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Quick Tip: Create Cross-Browser Datepickers in Minutes

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Difficulty:IntermediateLanguages:

In this quick tip, I'll show you how to use the new HTML5 date input, and then provide a fallback jQuery UI solution for the browsers which don't yet support this new input type.


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Written Tutorial

We've all been there. You've created a form, and now you need the user to enter a date. But how do you control what format they enter the date in? Wouldn't it be easier if we could use a calendar control, or a datepicker? Absolutely! Unfortunately, though, only a couple browsers support the new HTML5 date input type. That's okay though, we'll use jQuery UI to provide a fallback!


Step 1 - The Native Solution

Let's first plan for the future, and assume that the user is working in a modern browser that supports a datepicker.

At the time of this writing, only Webkit and Opera support this input type. In Firefox and Internet Explorer, the browser will default to a simple textbox -- not ideal!

Browser Support

Let's use jQuery UI to compensate.


Step 2 - Download jQuery UI

The jQuery UI datepicker tool works wonderfully, and is a cinch to "install." First, we download a customized version of jQuery UI, Visit the download page, and only check the "Core" and "Datepicker" items. Leave everything else unchecked.

Downloads Page

Click download, and you'll receive a zip containing the necessary files. Transfer over the jQuery UI file as well as the CSS directory to your project.


Step 3 - Integration

With jQuery UI imported into our directory tree, we next need to include the necessary files - specifically the CSS and JavaScript files.

Notice how we've included our custom jQuery UI stylesheet, the jQuery library - currently at version 1.6 - and the customized jQuery UI script, which I've renamed to jquery-ui.js.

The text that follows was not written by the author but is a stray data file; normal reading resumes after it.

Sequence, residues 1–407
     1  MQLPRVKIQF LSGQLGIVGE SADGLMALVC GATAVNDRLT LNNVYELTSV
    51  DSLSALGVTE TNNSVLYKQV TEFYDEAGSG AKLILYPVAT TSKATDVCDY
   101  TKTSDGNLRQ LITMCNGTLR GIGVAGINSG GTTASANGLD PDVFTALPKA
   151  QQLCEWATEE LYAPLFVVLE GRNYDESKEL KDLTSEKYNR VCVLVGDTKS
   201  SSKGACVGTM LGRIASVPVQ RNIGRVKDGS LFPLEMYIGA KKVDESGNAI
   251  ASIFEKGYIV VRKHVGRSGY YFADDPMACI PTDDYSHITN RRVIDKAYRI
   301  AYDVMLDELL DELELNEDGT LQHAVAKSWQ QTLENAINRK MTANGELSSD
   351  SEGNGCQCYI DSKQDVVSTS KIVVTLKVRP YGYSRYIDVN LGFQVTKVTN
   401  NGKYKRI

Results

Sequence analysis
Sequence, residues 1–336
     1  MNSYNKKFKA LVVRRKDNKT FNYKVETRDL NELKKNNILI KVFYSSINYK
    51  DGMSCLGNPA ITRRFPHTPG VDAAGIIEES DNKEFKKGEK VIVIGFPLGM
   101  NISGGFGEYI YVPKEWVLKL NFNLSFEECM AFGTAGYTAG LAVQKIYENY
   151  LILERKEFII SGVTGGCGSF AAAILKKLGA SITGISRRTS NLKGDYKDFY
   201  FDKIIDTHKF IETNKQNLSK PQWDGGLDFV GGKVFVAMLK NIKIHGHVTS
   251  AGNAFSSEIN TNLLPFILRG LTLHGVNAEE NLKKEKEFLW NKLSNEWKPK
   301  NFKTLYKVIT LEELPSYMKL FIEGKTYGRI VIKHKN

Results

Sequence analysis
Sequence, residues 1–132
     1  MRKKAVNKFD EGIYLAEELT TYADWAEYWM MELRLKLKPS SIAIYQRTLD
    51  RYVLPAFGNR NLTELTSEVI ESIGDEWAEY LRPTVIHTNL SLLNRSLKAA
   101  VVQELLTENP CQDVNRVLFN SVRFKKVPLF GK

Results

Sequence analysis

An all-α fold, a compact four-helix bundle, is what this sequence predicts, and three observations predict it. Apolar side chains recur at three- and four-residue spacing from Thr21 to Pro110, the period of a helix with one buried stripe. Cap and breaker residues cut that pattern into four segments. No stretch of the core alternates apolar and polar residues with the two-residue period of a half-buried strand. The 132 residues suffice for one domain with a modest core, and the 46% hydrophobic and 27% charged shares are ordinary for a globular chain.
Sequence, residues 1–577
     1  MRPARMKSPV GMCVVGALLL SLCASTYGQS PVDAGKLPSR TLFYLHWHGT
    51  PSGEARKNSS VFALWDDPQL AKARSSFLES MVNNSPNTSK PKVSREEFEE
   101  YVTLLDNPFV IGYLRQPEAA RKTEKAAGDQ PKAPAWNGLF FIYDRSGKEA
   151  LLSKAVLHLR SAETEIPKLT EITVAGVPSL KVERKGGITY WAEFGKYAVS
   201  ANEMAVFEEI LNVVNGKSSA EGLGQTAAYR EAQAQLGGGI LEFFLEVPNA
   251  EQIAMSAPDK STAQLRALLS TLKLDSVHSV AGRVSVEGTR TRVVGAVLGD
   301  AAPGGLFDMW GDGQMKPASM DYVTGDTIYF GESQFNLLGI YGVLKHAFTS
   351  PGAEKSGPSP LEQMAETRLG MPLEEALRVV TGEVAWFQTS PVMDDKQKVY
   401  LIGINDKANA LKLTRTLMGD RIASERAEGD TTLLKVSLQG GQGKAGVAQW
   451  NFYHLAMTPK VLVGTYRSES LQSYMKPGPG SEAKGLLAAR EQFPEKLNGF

Step 4 - The datepicker Method

Our base is set; now we need to query the DOM for the desired input element, and call the datepicker() method on it.

These few characters alone will do the trick. If we now view the page in Firefox and click on the input element, you'll see the datepicker in effect.

Datepicker Control

Step 5 - Providing the Fallback

What we have here works, but there's one problem. If we return to an advanced browser like Chrome, we're now on double duty. Both the native and fallback datepickers are in effect, simultaneously. We need a way to specify that, if the browser supports the date input type, don't do anything. That's easy!

In a real-world project, you'd likely abstract away this testing code to its own method, or use Modernizr, but this will do the trick for testing purposes.

In the code above, we first create an input element, and then attempt to set its type attribute equal to date. Now if the browser fails at doing so -- meaning that it doesn't understand what the date type is -- we can then assume that it's an older browser, and provide the jQuery UI fallback instead. Simple!


Step 6 - Datepicker Options

The datepicker tool comes with a variety of overrides; you can review the entire list here.

Let's examine a couple together. What if want to specify a specific date format. Rather than Y/M/D, we'd rather use Y-M-D. To do so, we use the dateFormat property.

Well that was easy. Next, let's say that we only want the user to be able to select a date between now and four days from now. This is a cinch when we use the maxDate option. One handy-dandy feature is that we can use relative terms, such as +4, for four days from now.

We're only scratching the surface here, but this should get you started! Cross-browser datepickers within minutes!

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